Maternal and congenital syphilis need to be prevented and controlled; however, it is hard to establish a risk group for the disease. Some studies describe the most common features in this population, such as predominance of black and brown color, less than 8 years of schooling, age of 20 to 29 years, beginning of early sexual activity, and single marital status12,14,17,18,29. Guinsburg and Santos16 referred to the low socioeconomic status, use of drugs, and dropping out of school as associated factors, while Almeida et al.30 found a new profile of infected women with higher education (more than 8 years of schooling), married, and reporting only one sexual partner. This work observed, unlike some Brazilian studies, predominance of women with more than 8 years of schooling; still, the majority was brown, aged 21 to 30 years, and single. The data from this study corroborate that syphilis, like other STDs, does not affect only one specific risk group, and should be key to prevention for the general population31.

The difficulty in preventing vertical transmission remains the obstacle of diagnosis and of early and appropriate treatment. According to Araújo et al.14, most pregnant women attended prenatal care, but even so, 38% were only diagnosed with syphilis at birth or curettage. According to Rodrigues and Guimarães12, up to 40% progressed to this loss. Studies also demonstrate these results, with the completion of prenatal care as recommended, but with the nonrealization of screening tests, showing the difficulty of diagnosis and treatment11,15,16,18,22,32. In this study, it became clear that most women, who attended the recommended minimum six prenatal care visits, starting in the first trimester, still had late diagnosis.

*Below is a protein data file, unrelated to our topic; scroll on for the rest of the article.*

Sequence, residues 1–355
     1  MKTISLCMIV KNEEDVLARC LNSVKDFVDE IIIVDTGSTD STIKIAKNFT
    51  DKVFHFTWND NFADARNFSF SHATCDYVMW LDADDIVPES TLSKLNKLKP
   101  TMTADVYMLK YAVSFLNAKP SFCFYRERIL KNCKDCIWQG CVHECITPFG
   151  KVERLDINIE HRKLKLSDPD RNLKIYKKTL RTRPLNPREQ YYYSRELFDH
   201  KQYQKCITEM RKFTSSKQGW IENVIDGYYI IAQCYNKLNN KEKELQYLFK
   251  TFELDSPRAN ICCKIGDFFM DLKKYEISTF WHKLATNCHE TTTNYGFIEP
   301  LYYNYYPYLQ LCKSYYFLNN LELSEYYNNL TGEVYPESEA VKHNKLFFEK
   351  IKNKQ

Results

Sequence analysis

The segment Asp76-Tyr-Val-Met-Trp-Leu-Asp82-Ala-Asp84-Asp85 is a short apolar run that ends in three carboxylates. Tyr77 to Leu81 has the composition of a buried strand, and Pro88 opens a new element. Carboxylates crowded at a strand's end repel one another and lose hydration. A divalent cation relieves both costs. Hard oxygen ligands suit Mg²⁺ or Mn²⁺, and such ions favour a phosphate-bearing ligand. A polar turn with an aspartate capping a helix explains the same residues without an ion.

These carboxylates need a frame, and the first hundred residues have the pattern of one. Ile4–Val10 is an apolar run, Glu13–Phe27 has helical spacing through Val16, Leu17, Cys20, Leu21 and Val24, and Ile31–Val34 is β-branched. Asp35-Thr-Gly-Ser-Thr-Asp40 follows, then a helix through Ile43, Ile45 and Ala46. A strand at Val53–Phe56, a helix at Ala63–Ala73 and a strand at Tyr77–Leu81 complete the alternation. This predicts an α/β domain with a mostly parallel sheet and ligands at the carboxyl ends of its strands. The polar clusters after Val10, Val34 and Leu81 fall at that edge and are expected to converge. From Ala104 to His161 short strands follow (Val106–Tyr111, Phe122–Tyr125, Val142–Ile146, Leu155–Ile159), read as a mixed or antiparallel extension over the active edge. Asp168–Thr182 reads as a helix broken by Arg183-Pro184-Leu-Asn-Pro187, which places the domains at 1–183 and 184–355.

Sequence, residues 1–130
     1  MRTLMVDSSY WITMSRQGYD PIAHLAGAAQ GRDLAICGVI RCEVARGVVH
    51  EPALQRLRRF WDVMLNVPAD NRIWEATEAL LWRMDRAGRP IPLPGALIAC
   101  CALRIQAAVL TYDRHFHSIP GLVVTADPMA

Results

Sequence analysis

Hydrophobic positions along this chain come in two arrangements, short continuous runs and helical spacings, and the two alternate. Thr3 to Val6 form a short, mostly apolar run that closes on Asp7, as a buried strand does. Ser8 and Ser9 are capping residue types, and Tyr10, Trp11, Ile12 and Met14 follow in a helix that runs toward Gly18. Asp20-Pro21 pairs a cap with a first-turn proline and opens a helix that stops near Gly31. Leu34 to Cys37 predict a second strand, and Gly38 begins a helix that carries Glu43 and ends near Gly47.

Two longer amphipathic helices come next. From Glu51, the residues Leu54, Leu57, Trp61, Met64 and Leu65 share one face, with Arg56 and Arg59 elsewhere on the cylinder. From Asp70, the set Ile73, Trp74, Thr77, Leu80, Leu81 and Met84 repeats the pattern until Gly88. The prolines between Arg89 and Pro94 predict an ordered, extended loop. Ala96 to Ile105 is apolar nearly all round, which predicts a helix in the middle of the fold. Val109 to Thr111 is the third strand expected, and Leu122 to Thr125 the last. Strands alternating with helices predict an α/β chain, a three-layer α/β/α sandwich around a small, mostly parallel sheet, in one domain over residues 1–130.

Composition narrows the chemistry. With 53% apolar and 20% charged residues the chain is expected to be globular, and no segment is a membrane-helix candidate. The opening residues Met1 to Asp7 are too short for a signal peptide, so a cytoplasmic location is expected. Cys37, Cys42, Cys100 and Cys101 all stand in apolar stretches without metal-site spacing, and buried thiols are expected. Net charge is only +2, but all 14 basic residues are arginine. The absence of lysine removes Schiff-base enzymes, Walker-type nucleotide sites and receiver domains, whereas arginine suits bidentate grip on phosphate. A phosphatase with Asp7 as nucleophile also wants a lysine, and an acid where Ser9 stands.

In this study, no concomitant case with HIV/AIDS was found. However, according to Sanz and Guinsburg in a study in Pará, coinfection is present and growing, higher rate among young, poorly educated, with one sexual partner, and without the use of condoms13.

The appropriate treatment of pregnant women is done with penicillin and has to be completed 30 days before delivery, using medication according to the stage of disease. The sexual partner needs to be properly medicated simultaneously1. Inadequate treatment is extremely common, as seen in this work and several previous studies11,15,16,18, and its main cause is related to the treatment of partners of pregnant women. A study by Campos et al.33 investigated the reason for not treating partners and found that they were informed about the disease and but they simply did not follow the treatment, because of a cultural issue regarding men being sick. In this work, only one partner was oriented as described in the medical record, but no pregnant woman was considered adequately treated. There should be information available on the treatment of these partners2.